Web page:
And in all likelihood, we Christians today continue to make the same mistake Peter made. We, too, want a strong God, an awesome God as the praise songs like to say. We want a God who will serve our instinct for self-preservation, power and success. You may have seen a “map of religion” that’s circulating on the internet. The map shows the percentages of the population in each state by religion. In every state, Christians, especially evangelical Christians, are far and away the majority of the population. Given our numerical superiority, the message attached to the map asks “Why are we allowing our government and special interest groups to take God out of culture and schools. We Christians need to stand up!” On the one hand, the internet message raises a legitimate concern—that conversations about God are becoming less welcomed and witnessing to one’s faith often not appreciated or sometimes not even allowed.
But on the other hand, we have to ask: Does the tone of that message repeat Peter’s mistake? That is, does it trigger that human instinct to flex our numerical muscle, assert our power and call the shots? After all, we’re the majority. Time to stand up, the message suggests, and take back America for God. We’d all like to see our nation become more godly, but we have to guard against expressing our faith convictions in ways that sound arrogant and self-assertive. It’s these human things—power, success, getting our way—that tripped up Peter, and continue to misguide Christians today. In today’s polarized environment, we probably feel every bit as confused as Peter felt.
Yet it was in this moment of bewilderment that Jesus called the crowd and the disciples to gather round and listen up. “If any want to become my followers,” he began, “let them deny themselves and take up their cross and follow me.” So according to Jesus, true confession is not just the right words coming out of our mouths but an alternative model of being, a way of living that challenges us to be generous, giving our ourselves, even when it may mean suffering. Following Jesus means that there is no true confession that is not expressed in human compassion… no witness to Christ that does not prioritize the welfare of the other…no standing up for Jesus that doesn’t sit down with the hungry, the outcast and the needy. In short, no confessing Christ without taking up the cross.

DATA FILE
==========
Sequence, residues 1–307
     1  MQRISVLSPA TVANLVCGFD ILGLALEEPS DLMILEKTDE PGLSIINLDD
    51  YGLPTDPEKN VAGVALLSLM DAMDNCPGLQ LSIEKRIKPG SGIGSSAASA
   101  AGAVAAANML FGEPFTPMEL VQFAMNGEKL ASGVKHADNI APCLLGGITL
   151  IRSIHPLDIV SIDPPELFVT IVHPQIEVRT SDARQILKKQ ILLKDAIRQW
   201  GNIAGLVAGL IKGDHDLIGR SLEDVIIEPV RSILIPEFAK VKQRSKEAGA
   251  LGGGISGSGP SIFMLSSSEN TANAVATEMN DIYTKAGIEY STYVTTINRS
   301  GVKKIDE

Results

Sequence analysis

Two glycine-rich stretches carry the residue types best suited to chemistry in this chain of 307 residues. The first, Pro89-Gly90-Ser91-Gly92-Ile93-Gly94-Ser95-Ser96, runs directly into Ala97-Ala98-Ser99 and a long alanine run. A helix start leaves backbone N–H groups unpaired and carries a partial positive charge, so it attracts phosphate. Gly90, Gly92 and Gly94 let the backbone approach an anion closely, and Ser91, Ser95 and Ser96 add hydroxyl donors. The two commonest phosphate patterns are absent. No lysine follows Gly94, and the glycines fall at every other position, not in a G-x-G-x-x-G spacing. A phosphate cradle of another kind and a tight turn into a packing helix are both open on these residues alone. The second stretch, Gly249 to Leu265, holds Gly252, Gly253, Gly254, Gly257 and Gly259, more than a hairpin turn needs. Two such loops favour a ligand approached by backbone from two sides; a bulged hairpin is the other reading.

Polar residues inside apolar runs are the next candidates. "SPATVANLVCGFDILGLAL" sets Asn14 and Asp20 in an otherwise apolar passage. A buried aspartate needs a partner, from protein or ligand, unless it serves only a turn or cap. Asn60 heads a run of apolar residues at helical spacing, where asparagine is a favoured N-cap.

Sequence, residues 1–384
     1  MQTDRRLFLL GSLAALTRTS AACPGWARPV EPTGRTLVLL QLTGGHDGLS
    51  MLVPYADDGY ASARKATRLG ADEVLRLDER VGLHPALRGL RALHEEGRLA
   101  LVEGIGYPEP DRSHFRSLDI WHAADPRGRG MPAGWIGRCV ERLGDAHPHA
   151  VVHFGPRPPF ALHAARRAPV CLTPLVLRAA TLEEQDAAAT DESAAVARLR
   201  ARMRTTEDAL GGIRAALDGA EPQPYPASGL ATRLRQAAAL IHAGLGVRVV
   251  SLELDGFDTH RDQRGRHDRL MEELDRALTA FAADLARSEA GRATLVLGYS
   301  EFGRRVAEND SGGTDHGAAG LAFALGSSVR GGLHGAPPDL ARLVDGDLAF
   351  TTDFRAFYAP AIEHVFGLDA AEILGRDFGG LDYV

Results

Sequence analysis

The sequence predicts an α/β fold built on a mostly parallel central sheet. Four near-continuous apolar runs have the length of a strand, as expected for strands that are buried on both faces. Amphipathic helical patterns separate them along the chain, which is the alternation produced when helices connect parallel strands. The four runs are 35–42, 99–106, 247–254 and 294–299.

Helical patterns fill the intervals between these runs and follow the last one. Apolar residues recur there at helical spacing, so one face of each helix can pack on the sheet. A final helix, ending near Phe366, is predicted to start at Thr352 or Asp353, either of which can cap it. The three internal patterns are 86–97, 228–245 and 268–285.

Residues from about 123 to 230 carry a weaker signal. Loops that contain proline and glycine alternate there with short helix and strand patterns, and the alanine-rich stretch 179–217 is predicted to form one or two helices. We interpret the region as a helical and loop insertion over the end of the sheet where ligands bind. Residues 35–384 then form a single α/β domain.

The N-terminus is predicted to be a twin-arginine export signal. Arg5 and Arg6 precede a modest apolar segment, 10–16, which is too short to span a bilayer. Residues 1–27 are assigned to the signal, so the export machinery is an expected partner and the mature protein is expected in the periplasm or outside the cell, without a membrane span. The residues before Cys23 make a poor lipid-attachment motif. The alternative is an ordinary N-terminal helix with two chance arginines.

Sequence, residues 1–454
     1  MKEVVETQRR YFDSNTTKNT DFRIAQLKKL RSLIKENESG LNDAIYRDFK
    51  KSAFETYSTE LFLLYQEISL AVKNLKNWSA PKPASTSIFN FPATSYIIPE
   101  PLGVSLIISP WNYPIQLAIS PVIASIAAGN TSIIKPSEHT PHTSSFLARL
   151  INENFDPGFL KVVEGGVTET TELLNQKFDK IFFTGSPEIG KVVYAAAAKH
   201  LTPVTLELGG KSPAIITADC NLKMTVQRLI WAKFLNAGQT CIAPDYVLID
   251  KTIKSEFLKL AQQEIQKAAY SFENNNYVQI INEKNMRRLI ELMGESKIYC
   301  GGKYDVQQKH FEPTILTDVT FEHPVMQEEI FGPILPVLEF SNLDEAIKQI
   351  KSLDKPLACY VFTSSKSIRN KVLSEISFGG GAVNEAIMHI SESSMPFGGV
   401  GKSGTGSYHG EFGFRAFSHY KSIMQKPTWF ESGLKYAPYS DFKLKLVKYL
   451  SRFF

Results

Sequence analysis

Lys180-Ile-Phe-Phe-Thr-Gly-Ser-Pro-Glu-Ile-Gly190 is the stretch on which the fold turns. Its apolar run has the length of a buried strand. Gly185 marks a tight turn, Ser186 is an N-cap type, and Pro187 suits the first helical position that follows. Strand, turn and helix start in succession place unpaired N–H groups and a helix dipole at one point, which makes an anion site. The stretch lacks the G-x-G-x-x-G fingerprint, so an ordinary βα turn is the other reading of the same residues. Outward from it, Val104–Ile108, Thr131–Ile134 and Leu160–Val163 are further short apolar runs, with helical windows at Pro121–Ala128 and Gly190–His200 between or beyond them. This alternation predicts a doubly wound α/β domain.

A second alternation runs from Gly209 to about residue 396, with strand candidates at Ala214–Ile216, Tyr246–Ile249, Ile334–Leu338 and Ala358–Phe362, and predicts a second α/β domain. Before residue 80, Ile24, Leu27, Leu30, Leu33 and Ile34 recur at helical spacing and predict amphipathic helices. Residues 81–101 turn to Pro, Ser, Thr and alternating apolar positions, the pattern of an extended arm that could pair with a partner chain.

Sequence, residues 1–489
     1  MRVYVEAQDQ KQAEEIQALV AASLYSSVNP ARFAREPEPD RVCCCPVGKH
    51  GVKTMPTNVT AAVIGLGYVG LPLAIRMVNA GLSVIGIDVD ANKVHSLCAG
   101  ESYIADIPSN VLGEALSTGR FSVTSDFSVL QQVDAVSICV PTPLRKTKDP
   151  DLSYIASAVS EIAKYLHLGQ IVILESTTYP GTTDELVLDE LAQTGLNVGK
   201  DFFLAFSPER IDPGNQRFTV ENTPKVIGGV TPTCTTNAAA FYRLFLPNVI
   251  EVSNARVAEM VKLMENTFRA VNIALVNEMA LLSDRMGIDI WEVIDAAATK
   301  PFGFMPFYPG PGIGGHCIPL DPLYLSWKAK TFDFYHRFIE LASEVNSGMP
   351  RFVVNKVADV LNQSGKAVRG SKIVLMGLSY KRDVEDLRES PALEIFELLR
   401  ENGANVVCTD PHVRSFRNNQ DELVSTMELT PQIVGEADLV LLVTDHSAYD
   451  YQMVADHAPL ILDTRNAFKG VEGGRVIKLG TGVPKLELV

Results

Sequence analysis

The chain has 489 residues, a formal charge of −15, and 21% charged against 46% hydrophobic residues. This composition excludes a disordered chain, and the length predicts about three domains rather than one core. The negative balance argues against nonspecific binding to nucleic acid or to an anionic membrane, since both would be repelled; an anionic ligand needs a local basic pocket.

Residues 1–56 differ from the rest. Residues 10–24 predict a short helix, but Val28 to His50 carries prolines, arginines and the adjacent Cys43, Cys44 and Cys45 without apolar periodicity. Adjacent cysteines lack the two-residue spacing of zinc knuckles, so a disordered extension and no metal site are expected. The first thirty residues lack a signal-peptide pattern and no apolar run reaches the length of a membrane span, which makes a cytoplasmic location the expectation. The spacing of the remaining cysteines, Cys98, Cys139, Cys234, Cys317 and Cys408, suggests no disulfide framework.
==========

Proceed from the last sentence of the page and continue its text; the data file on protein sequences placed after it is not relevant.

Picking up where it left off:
I know that many of you honestly struggle with how to confess and practice your faith in our religiously pluralistic, increasingly secular society. Admittedly, it’s hard to do, and we don’t always know how. Still, confessing Christ is absolutely necessary, because Jesus is the way, the truth and the life. His path of self-giving, suffering love is the only way that God’s Kingdom will ever come on earth as it is in heaven. We must, if the world is to know true peace, make Jesus’ priorities, purposes and path our own.
So friends, as we go from this sanctuary today, think about how you will confess and witness to Christ this week. Ask yourself: Where can I be of help? Whom can I serve? How can I give? Keep on that path so that when Jesus comes today, tomorrow or in the future, he’ll recognize us as his disciples…those who often struggled, misunderstood and even failed, but who weren’t ashamed of him or of his words.